The Democrats put on a good show in Charlotte, especially former President Bill Clinton’s speech. President Obama, who already knew today’s weak jobs numbers when he took the podium Thursday night, gave a cautious speech. His essential plea, like Ronald Reagan in the early 1980s, was “stay the course.” I suspect few minds were changed in our polarized nation.

To Obama’s credit, the collapse he inherited was arrested and many aspects of the economy have rebounded. He faced a united opposition whose first priority was his defeat. But 12.8 million remain unemployed, and far too little mention of this was made at the DNC. What’s the plan to address it? To his discredit, his Justice Department let the banksters get away with it. The Too Big To Exist banks are larger than ever. The stimulus was too small and poorly aimed. As the Atlantic puts it, the choice is “between Obama’s weak record and Romney’s worse alternative.” Of course, many will disagree and line up behind Romney.

So: The Friday poll:

Did Obama sell you on the economy?

Read on for the best links of the week and the haiku.

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Comments | More in Campaign 2012, Politics and the economy

August 31, 2012 at 9:40 AM

Vote: Romney and the economy

Conventions once had drama and tension. Now they’re mere television extravaganzas, the outcome predetermined. But then again, once it was considered unseemly for someone to personally campaign for the presidency. Anyway, my question is whether Mitt Romney convinced you he would be more effective on economic issues than the incumbent?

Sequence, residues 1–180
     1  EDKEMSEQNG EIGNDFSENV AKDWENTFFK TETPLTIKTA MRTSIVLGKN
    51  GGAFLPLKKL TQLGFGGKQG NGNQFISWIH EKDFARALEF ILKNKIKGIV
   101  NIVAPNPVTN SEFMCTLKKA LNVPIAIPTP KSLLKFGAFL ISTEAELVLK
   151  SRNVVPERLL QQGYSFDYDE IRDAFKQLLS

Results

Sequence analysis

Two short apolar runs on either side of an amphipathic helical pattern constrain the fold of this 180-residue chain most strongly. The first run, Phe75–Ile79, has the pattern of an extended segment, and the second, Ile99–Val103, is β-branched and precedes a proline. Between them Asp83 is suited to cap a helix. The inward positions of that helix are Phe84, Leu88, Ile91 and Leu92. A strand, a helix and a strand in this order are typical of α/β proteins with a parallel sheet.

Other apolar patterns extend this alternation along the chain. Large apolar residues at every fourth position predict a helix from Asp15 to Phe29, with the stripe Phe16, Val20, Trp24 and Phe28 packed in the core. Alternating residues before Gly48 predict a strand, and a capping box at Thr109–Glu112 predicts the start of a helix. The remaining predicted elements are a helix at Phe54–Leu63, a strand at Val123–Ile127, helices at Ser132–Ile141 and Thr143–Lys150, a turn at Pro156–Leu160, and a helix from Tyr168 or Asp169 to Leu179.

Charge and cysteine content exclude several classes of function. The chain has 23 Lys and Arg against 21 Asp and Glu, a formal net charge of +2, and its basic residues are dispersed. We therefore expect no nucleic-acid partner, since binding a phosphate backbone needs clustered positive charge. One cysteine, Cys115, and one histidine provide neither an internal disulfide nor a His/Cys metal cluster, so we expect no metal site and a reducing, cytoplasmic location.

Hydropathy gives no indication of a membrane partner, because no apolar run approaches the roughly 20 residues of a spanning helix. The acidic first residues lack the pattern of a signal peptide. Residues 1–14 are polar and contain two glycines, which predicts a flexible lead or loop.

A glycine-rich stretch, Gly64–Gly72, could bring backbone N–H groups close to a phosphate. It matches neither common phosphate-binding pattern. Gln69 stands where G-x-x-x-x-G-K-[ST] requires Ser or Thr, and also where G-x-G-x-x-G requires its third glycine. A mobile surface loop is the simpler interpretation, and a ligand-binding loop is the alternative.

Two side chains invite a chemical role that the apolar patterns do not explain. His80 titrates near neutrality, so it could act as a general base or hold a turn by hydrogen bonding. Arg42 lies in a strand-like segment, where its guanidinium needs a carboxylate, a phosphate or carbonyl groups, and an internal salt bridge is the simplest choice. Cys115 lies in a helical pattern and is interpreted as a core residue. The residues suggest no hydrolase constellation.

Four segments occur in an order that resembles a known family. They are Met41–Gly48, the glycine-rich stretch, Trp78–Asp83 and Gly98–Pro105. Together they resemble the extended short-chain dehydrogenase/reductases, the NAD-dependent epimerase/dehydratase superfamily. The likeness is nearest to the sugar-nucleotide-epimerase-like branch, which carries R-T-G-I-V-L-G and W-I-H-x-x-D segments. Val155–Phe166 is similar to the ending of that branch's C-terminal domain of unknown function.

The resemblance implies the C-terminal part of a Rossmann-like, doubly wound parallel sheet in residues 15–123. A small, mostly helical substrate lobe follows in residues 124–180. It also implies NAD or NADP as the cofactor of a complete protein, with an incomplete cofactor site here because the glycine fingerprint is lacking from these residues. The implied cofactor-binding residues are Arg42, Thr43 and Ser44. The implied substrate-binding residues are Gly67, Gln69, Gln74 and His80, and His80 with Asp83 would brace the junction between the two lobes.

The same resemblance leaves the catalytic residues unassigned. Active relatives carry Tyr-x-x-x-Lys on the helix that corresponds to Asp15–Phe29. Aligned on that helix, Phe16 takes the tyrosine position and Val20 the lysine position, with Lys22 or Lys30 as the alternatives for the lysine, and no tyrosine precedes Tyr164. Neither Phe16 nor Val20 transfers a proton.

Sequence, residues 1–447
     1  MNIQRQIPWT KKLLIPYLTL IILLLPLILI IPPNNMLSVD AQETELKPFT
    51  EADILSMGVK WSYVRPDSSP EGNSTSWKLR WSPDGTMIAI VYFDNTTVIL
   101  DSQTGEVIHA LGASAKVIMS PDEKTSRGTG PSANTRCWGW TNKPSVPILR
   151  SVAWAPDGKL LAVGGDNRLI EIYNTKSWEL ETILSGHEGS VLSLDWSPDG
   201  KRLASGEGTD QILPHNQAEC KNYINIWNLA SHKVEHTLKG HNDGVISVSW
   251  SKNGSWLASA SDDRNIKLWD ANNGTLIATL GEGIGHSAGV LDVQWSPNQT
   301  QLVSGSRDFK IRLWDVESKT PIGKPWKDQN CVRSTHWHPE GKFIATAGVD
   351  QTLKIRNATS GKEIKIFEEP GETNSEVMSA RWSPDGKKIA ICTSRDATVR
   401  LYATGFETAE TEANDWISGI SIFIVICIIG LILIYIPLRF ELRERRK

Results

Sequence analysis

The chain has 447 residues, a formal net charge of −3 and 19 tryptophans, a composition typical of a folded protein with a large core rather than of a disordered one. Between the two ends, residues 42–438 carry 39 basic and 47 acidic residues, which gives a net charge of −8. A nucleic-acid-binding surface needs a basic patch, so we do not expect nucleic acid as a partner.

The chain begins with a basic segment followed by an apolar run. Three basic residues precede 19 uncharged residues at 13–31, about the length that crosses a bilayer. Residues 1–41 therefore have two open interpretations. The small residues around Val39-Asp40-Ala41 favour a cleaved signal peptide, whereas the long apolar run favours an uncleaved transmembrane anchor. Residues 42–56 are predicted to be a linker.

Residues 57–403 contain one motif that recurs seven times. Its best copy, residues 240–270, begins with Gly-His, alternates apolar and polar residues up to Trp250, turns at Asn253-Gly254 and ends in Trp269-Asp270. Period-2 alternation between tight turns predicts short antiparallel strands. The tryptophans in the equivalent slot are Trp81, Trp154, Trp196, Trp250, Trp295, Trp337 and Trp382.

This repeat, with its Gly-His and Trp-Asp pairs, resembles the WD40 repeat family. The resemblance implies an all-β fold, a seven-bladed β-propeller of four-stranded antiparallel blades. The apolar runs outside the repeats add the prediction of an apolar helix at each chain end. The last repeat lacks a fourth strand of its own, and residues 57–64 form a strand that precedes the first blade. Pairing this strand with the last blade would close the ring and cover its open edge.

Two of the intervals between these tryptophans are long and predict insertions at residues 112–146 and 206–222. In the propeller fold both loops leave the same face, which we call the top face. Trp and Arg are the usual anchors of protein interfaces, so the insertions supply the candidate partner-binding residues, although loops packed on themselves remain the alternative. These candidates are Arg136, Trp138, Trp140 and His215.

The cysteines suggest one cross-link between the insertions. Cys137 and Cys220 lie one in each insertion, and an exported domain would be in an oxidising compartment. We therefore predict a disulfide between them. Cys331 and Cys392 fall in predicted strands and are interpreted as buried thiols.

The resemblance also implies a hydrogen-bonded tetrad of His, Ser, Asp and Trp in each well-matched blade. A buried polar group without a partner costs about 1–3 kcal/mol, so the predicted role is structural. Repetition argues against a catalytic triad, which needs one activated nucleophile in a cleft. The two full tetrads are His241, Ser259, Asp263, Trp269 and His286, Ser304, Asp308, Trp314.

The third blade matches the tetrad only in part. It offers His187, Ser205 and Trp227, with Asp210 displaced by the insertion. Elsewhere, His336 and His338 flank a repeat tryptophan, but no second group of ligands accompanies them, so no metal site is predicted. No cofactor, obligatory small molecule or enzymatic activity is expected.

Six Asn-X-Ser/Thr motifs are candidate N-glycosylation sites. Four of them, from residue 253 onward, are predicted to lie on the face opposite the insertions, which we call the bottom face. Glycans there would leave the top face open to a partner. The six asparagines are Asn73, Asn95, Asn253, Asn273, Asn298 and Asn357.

Now, Democrats won’t vote for him for a variety of issues. Conservatives may line up in the usual disciplined fashion, but many doubt whether Governor Etch A Sketch is really one of them. Social issues will attract Romney votes no matter his economic promises or possibilities. I want to focus on the economy alone. Here, his challenge is to 1) Convince the electorate that a reboot of George W. Bush’s policies will work this time, despite abundant evidence that they failed disastrously in the ’00s, and 2) Move beyond his embodiment of the finance capitalism that is so unpopular.

Did Romney sell you on his economics

Read on for the best links of the week and the haiku:

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Comments | More in Campaign 2012, Politics and the economy

August 28, 2012 at 10:00 AM

The Republicans’ economic challenge

In 1932, with the Great Depression at its worst, the Republicans lost the White House and didn’t win it back again for 20 years. The GOP ran a reactionary platform against FDR in 1936 and, even with the economy still ailing, was crushed. When the party regained the presidency, it was with Dwight Eisenhower, who famously wrote, “Should any political party attempt to abolish Social Security, unemployment insurance, and eliminate labor laws and farm programs, you would not hear of that party again in our political history. There is a tiny splinter group, of course, that believes that you can do these things. Among them are a few Texas oil millionaires, and an occasional politician or businessman from other areas. Their number is negligible and they are stupid.”